Top positive review
6 people found this helpful
Absolutely shatters what was taught to us at school
on 30 April 2013
This book, that is written in such light and lucid language deals with a topic that is everything but lightly. I founded it absolutely shocking to read. The lack of respect towards fellow human beings, the deplorable moral and the complete lack of any empathy on display here is truly shocking. As we all have learned in school, with the acceptance of the 13 Amendment Slavery ended in the Unites States. And movies as Lincoln seem to drive this message home, once more. Of course, this was everything but what really happened. James M. McPherson is already touching on this in Battle Cry of Freedom: The Civil War Era, but does not more than mentioning it. Blackmon however wrote a book about it.
After the civil war ended, Slavery was indeed abolished, but interestingly not every form of slavery. That was not done until 1952. Roughly the book deals with the period between this 1 years and describes in great deal, often from witness accounts, records and diaries what happened. The south, absolutely convinced that the cotton industry could only survive if slavery or better said free labor of African-Americans would be maintained. The solution to this was that they made being unemployed a crime. So every African-American that was walking on the street, sleeping in a deserted train wagon was basically eligible to be arrested. Upon arrest they were put in shackles and convicted during a fake trial, upon which the state had the right to sell the person to a private owner, who then deployed them for various forms of hard labor. Usually in the most atrocious circumstances as for example in a charcoal mine. With basically nowhere to go, no way to get out, there was only one way and that was to work of the sentence, usually with near or fatal consequences.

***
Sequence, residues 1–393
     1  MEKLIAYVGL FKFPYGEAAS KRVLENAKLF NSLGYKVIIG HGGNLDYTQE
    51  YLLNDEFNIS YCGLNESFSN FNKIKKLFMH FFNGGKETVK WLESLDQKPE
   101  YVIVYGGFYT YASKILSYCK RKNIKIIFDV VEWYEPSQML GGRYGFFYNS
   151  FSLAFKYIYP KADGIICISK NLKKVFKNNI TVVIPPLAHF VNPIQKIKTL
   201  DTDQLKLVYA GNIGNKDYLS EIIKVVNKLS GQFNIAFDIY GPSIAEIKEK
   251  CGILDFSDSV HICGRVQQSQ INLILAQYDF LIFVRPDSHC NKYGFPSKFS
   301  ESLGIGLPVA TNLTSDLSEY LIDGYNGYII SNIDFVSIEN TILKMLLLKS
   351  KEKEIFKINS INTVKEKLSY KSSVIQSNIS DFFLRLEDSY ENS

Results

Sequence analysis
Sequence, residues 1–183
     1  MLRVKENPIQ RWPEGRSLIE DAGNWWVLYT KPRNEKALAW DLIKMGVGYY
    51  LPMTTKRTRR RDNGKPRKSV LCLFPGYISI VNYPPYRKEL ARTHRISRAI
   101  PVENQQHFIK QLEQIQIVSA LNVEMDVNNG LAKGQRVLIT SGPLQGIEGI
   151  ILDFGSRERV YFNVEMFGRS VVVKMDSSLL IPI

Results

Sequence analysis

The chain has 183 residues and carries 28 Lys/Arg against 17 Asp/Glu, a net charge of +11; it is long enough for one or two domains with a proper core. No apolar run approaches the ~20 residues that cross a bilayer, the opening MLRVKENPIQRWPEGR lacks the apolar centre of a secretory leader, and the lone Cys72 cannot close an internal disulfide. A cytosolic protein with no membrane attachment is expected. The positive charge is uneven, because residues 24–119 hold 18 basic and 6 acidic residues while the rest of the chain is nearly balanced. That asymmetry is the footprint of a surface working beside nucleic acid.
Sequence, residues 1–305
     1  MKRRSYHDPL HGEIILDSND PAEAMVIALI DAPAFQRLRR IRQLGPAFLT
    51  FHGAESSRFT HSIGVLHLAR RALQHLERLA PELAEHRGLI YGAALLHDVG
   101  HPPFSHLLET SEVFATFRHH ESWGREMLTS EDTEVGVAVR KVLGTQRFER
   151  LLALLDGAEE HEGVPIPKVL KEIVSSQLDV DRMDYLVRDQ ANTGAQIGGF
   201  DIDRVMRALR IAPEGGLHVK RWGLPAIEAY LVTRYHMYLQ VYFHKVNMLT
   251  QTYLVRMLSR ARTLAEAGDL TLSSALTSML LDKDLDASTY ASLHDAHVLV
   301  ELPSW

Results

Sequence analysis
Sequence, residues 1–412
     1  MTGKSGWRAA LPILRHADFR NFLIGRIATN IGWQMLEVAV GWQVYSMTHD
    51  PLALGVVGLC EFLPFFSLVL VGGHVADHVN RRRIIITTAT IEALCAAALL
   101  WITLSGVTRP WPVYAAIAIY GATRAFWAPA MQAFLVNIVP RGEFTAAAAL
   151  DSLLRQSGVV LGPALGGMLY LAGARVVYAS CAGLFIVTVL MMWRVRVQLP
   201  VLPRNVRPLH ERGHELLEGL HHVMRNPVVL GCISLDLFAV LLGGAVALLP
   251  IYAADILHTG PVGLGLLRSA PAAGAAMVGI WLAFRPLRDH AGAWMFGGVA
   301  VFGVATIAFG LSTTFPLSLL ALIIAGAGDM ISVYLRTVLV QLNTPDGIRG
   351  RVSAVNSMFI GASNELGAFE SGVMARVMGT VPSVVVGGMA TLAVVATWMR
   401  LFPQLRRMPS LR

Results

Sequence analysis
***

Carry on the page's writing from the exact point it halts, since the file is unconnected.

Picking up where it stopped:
What was surprising me the most was that everybody was in it, and that police, sheriffs, judges, land owners, industrial owners and the president (I knew that someone as Woodrow Wilson was a notorious racist, but I didn't expect it from Theodore Roosevelt as we'll) all were doing their share in maintaining this form of slavery creating an absolutely hopeless situation for the African American population. I hope that this book will serve to bring these criminals to justice and restore the narrative of what really went on. It is interesting to keep in mind that at the same time the United States President was preaching for the League of Nations and did they liberate countless people from a similar fate. This high act of humanism was unfortunately not further deployed in their own country.